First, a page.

SLE involves both innate and adaptive immune responses with the overt production of immune complexes and autoantibodies. SLE can also be described as the loss of immunological resistance against self-antigens, resulting in the formation of autoantibodies involved in disease pathogenicity, causing tissue damage through various immunopathogenic pathways [2]. Dysregulation of apoptotic cell clearance affects both the innate and adaptive immune responses (Figure 1). In the innate immune response, impaired clearance of apoptotic cells dysregulates the type 1 interferon [12]. This dysregulation of the type 1 interferons increases the expression of neutrophil extracellular traps (NETs) from polymorphonuclear cells (PMN). This induces the secretion of pro-inflammatory cytokines [13]. The dysregulation of type 1 interferons also influences macrophage polarisation. Impaired clearance of apoptotic cells triggers the adaptive immune response via the overactivation of T cells and B cells [13]. The overactivation of T cells and B cells increases the stimulation of neutrophils, self-reactive lymphocytes, and monocytes [14]. The increase in immune cells increases the secretion of pro-inflammatory cytokines, thus developing an autoimmune reaction involved in the disease pathogenesis of SLE.
Figure 1. Pathogenesis of the innate and adaptive immune response in SLE.
As many organs and tissues are affected by SLE, this autoimmune disease is heterogeneous, with the clinical representations evolving with time [12]. The treatment of SLE mainly involves the use of immunosuppressants to control chronic inflammation and prevent organ damage [15][16]. However, these therapies are associated with adverse effects such as cancer, osteoporosis, diabetes induced by steroids, and avascular necrosis at joints [15]. Many patients have refractory disease despite standard therapies. Thus, there is an ongoing search for new agents and methods to achieve disease remission.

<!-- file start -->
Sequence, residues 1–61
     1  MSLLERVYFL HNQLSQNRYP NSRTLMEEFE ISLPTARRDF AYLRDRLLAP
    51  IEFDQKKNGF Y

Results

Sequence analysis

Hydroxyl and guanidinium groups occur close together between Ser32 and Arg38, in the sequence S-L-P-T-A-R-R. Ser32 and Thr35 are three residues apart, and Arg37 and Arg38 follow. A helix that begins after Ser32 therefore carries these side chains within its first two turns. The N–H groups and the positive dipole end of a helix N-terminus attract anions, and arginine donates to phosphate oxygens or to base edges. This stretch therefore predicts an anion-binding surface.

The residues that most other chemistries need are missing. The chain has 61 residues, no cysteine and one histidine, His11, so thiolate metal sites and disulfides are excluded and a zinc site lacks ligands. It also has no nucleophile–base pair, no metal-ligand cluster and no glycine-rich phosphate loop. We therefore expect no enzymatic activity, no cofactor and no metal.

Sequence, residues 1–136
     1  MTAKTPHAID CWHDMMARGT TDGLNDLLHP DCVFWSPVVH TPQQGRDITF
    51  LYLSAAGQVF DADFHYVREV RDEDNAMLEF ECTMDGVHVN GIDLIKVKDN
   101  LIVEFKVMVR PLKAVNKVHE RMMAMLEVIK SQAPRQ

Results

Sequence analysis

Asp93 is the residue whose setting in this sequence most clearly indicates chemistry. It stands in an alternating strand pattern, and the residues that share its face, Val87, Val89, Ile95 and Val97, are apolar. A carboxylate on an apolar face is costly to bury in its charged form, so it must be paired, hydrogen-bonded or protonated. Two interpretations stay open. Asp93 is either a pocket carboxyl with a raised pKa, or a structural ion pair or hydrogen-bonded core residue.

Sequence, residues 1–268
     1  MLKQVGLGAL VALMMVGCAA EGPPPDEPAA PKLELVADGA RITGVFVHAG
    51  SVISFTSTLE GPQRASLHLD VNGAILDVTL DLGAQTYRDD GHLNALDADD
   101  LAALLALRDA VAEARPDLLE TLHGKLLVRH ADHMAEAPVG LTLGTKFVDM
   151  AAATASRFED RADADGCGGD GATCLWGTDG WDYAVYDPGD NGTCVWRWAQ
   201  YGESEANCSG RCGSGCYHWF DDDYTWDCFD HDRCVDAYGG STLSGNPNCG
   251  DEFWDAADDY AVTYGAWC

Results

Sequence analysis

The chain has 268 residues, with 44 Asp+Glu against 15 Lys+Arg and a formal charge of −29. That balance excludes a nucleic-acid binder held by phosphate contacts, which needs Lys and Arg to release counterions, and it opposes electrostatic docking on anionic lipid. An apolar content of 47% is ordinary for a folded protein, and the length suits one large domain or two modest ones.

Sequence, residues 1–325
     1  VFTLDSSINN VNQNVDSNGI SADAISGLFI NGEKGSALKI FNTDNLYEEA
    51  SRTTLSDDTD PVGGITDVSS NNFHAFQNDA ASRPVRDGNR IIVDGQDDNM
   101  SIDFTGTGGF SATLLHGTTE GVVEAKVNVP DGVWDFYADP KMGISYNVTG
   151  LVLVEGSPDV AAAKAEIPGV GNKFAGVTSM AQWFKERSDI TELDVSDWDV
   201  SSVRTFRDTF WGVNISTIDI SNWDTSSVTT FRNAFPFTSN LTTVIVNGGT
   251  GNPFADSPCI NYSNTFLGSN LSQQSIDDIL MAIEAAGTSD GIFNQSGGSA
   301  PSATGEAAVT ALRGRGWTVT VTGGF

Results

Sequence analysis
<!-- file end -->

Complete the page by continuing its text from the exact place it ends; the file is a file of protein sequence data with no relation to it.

2. Extracellular Vesicles (EVs)

EVs have surfaced as a therapeutic agent in immunotherapy, regenerative medicine, and tissue engineering due to their characteristics that promote immunomodulatory properties and the potential to induce tissue regeneration [17][18]. Moreover, EVs are highly biocompatible due to their low levels of immunogenicity and toxicity when used for therapeutic purposes [19]. EVs consist of exosomes, apoptotic vesicles, and microparticles that are released by cells, categorised based on the size range in diameters of (~40 nm–160 nm), (500 nm–2 µm), and (100 nm–500 nm), respectively [18][20]. EVs are usually derived from body fluids such as urine, amniotic fluid, and blood [21]. A variety of cells ranging from macrophages, dendritic cells (DCs), mesenchymal stem cells (MSCs), epithelial cells, platelets, lymphocytes, and fibroblasts secrete EVs. EVs must be isolated and characterised to understand the size, shape, density, surface charge, and porosity, which have a direct effect on biological interactions. Common characterisation methods include flow cytometry, nanoparticle tracking analysis (NTA), transmission electron microscopy (TEM), resistive pulse sensing (RPS), and atomic force microscopy (AFM) [22]. Different cells secrete EVs carrying different proteins and messages of the cells. [23].